Tonsillitis; The Bacteria and Viral Infection of the Tonsils

When you open your mouth, there are two oval-shaped pads of tissues located at the back of the throat, they are known as the Tonsils also known as the palatine tonsils. There are other types of tonsils which include the Adenoid tonsils, pharyngeal tonsils, and Lingual Tonsils which make up Waldeyer's ring. These tonsils are made up of tissues that are similar to the lymph nodes, and they are part of our immune system acting as a trap for microorganisms that could enter the airway and cause infection they also provide antibodies against those infectious causing microbes. Since they are responsible for trapping microbes, then you should expect that they will be vulnerable to infections. In the early years of life, the lymphoid tissues are exposed to a lot of antigens, so they are hyperplastic this is usually around 6 years of age, and when the child is getting to puberty, the tonsils are already shrunk. They are supplied blood from about 5 vessels which are the dorsal lingual artery, the ascending palatine artery, the tonsillar branch of the facial artery, ascending pharyngeal artery, and the lesser palatine artery, and these cause bleeding excessively during tonsillectomy which is the removal of the tonsils. The tonsils are composed of Crypts which are normally colonized by species of bacteria and can be exposed to viral organisms but then the lymph nodules contain the T-cells, B-cells, and Macrophages which are Immune cells.

Tonsillitis, the inflammation of the tonsils leading to Tonsillar edema, hypertrophy, pain, and erythema, is caused by Viral and bacterial infection. Although it is the Palatine tonsil that is affected, other tonsils such as the adenoid and lingual tonsils, as well as the pharynx can be affected. The most common cause of tonsilitis is viral infections such as Rhino Virus, Epstein Barr Virus (EBV), Adenovirus, Respiratory syncytial virus, parainfluenza, and Influenza virus. It can also be caused by bacteria which are usually Group A streptococcus bacteria (Streptococcus pyogenes) The inflammation of the tonsils can lead to exudate which can be a yellow, or whitish discharge.

EBV infection is most times asymptomatic but it can be symptomatic in cases such as infectious mononucleosis which usually begins with fatigue, malaise, Sore throat, and pharyngeal tonsilitis, in tough cases, it can lead to splenomegaly. The virus is transmitted via saliva. It targets the B-cells in the oral pharynx and the tonsils have B-cells in them. They replicate and as the body builds an immune response, they conquer them. Identifying the virus includes full blood count which will show results for high lymphocyte count (lymphocytosis) and low platelet. Mono spot test to look at metrophile antibodies, and troat swap to look for differential diagnosis. In cases where it is Streptococcus pyogenes, it can be treated using Penicillin V (Phenoxymethyl Penicillin). Tonsilitis can also be caused by streptococcus pneumonia, Staph. aureus, and Haemophilus influenza.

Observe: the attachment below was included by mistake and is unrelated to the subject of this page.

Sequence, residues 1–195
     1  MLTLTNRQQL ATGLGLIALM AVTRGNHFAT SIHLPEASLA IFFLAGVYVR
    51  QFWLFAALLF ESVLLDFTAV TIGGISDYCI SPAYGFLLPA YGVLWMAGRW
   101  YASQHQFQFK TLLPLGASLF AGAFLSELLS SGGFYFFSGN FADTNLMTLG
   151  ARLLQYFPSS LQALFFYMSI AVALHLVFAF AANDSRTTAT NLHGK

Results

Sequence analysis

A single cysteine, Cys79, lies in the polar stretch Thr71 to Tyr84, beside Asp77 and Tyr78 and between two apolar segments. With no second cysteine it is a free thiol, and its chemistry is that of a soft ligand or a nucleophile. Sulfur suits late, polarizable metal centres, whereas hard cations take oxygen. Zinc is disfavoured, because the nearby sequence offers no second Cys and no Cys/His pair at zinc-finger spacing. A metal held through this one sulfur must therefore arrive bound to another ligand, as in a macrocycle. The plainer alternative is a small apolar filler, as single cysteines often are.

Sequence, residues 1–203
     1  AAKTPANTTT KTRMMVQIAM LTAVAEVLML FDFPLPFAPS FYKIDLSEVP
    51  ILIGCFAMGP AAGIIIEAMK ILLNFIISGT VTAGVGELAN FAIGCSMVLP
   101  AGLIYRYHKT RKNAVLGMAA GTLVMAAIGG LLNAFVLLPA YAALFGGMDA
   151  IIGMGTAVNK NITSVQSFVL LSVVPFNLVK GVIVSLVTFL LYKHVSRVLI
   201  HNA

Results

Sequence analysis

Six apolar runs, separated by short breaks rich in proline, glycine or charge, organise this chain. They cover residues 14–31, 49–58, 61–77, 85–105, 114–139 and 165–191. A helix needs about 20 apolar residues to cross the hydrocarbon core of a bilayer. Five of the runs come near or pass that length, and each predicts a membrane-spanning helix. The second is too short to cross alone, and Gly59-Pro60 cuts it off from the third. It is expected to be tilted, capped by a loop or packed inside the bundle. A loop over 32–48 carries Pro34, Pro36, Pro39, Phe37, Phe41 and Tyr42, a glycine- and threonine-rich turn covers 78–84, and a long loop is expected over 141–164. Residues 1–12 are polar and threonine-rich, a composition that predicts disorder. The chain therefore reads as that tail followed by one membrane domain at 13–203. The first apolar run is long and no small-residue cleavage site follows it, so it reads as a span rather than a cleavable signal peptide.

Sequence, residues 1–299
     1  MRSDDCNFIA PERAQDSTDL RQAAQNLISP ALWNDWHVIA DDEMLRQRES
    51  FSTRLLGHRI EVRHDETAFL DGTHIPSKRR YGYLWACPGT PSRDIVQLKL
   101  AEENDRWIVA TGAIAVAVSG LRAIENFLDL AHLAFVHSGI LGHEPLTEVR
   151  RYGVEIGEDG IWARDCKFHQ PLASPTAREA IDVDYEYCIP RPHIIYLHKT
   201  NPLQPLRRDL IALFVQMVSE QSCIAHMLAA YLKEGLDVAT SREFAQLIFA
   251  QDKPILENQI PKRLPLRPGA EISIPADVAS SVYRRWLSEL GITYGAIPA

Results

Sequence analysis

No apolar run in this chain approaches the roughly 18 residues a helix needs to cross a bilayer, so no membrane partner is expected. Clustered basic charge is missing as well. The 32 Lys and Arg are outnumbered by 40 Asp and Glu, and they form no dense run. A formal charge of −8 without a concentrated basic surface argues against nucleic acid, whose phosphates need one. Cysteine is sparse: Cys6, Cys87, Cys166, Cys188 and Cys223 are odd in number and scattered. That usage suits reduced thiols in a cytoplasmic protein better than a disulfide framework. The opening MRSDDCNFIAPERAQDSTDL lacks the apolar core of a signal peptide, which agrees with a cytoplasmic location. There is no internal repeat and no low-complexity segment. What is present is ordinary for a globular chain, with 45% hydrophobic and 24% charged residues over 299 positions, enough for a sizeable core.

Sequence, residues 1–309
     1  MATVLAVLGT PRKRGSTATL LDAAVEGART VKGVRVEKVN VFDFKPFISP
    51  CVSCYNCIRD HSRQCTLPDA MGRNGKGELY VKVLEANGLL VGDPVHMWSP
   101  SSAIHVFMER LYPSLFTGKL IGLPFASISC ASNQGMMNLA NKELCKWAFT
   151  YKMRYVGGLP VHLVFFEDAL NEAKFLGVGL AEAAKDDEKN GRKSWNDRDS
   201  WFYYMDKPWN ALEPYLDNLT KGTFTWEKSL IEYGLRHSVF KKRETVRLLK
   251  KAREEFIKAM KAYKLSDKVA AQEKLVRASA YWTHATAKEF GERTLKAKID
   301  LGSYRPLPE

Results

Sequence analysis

Patients with Tonsillitis will present with symptoms that include sore throat, fever, pain on swallowing, red inflamed or enlarged tonsils with white patches (exudates), pus, and patients may present with Anterior cervical lymphadenopathy. Since it can be caused by bacteria and viruses, using Centor criteria will help identify which is responsible. If the Centor score is above 3 or more, then there is a 40 to 60% chance that it is caused by bacteria, and antibiotics can be given at this stage. To identify a point, the patient must have a fever over 38oC, tonsillar exudates, absence of cough, and tender anterior cervical lymphadenopathy. Patients can also be diagnosed using the fever pain score where there if the patient has a fever pain score of 2 to 3, the patient has about a 50% probability that it is a bacterial infection while a 4 to 5 score shows a 60% probability of a bacterial infection. Patients' point is determined by fever within a 24-hour period, purulence, inflamed tonsil, and a short period of time within infection.

Management for Tonsilitis will start with admission to a hospital if the patient is immunocompromised and has high-pitched noise with breathing (Stridor), if the patient is having respiratory distress and cellulitis and peritonsillar abscess. The fever pain score or the centor criteria is calculated. In the case of viral tonsilitis, education, and use of simple analgesias such as paracetamol, and Ibruprofen for pain. Antibiotics should be used for bacteria causes and cases of severe infection. It is important to delay the use of antibiotics so as to ascertain if it is a viral infection, and treatment with antibiotics can begin after 2 to 3 days. Antibiotics such as Penicillin V for Streptococcus pyogenes, Use of Clarithromycin is an antibiotic of choice in cases of penicillin allergy in patients. Tonsillitis can come with complications such as Peritonsillar abscess, Otitis Media, Post streptococcal reactive athritis, Scarlet fever, Post streptococcal glomerulonephritis, and Rheumatic fever.


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